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How to avoid clashing with your partner during a stressful move

Moving day argument
Antonio Guillem/Shutterstock

Moving is unenjoyable. It’s hard work, the hours are long, and the stakes are high (ask anyone who’s ever dropped a priceless vase on their foot). Basically, no one wants to be there, and that includes you and your partner, too.


The stress of moving can create friction in the most stable of relationships. With so much happening at once and with a lot of heavy furniture floating around, it’s almost as if everyone is one stubbed toe short of a meltdown. Moving is one of those necessary evils in life, but it doesn’t have to cause problems in your relationship. Here’s how to stay centered while you keep it moving.

Antonio Guillem/Shutterstock


Breathing exercises do not have to be overly long or complicated. One breath is enough to release tension and bring you back into the moment, instead of being lost in your own stresses.

Looking for something more intricate? Belly breathing is a method of centering that is crucial for your moving day (or days), but it’s all about proper technique. To begin, sit or lie down and place one hand on your stomach, right above the belly button. Breathe in through the nose, letting your belly push your hand up. Breathe out through the mouth, forming your lips as if you’re whistling. Push out as much air as possible. Repeat three to ten times and feel the tension leave your body.

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Don’t let hunger creep up on you. Moving is hard work, and your body will need to be replenished. Carbs and protein, those old favorites, are particularly important to keep the body firing on all cylinders. Nobody wants to be dealing with crankiness and moving stresses all at once.

Another key to moving-day snacks? Portability. You need a snack that you can grab for a quick energy boost in between tasks. Nuts are a great on-the-go source of protein and dried fruit provides enough carbs to keep you going through the day. We love dried apricots, which contain a whopping 1,511 milligrams of potassium — more than three times that of a banana. Potassium also promotes hydration retention, so it’s particularly important when you’ve just spent the morning sweating. If you’re so hungry trail mix just isn’t enough, it’s time to take a lunch break.


The first order of business on moving day is finding your sense of humor and hanging onto it for dear life. Then acknowledge, both to yourself and to your partner, that this day (or days) won’t be fun but will end soon enough. Whether you talk about your stress or what’s for dinner, keeping an open line of communication in these instances is crucial.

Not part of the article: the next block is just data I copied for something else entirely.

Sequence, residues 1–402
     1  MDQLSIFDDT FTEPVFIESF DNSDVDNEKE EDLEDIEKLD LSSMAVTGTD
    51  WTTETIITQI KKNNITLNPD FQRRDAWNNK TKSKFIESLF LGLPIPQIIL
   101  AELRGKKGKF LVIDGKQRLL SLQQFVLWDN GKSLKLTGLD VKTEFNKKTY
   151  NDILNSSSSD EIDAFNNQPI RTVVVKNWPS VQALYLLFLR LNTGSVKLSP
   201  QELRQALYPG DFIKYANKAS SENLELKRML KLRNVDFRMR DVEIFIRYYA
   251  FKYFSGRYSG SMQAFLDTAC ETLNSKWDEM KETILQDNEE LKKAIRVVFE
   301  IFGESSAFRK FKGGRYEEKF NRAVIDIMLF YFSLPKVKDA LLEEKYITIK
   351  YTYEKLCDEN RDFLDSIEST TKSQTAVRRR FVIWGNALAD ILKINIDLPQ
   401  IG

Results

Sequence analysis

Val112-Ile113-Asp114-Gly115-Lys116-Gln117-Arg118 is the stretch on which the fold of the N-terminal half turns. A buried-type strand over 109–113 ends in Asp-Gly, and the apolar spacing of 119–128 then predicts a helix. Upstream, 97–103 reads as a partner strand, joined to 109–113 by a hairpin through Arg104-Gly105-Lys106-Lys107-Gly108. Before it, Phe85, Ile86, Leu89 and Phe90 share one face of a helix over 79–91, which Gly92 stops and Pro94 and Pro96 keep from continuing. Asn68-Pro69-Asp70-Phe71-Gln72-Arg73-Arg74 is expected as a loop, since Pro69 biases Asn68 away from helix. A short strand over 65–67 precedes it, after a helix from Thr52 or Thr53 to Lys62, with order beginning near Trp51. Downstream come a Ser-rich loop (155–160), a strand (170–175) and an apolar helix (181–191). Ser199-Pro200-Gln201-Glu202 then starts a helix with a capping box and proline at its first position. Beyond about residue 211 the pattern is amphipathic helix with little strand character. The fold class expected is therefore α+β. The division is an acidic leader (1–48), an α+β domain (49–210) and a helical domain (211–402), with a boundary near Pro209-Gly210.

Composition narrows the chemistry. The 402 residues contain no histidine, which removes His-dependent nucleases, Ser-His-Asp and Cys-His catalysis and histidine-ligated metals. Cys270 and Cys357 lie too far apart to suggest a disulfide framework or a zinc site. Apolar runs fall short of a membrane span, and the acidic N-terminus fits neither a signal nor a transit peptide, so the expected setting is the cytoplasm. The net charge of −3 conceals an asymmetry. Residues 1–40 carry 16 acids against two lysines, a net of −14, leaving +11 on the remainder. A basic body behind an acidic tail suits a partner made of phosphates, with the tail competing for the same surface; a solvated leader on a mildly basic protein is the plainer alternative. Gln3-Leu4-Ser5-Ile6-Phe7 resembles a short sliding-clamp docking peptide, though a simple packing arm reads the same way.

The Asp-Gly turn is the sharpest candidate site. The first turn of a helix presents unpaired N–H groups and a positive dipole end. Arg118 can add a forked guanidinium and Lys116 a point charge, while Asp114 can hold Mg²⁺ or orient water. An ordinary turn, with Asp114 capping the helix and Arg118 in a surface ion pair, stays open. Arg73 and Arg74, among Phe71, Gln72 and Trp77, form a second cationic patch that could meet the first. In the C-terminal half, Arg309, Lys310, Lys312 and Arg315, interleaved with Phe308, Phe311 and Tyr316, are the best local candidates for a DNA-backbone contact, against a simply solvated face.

If a grim silence sets in, it can create a sense of isolation, so let your partner know you’re there for them and you recognize the hard work they’re putting in. Also, if you notice their exasperation, tell them it’s okay to take a break and head over to help them with the next box.

No matter the reason for the move, moving day can feel like it’s never-ending, especially if you and your partner are arguing your way through it. As goes for any stressful situation, it is more important than ever that you and your partner are on the same page. Passive-aggressive silences and one-word responses will only intensify the situation, so take a break, talk it out, and get back to work.

Sometimes we just need a little massaging to get through the stressful moments. While moving, it’s easy to forget the small things like taking deep breaths, eating, and even talking to each other. Keep in mind that you’re in this together, and it will all be worth it when you’re unpacked and relaxed in your new pad.

BlissMark provides information regarding health, wellness, and beauty. The information within this article is not intended to be medical advice. Before starting any diet or exercise routine, consult your physician. If you don’t have a primary care physician, the United States Health & Human Services department has a free online tool that can help you locate a clinic in your area. We are not medical professionals, have not verified or vetted any programs, and in no way intend our content to be anything more than informative and inspiring.

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Scott Harris
Scott Harris is a freelance writer based near Washington, DC, with more than a decade of experience covering health…
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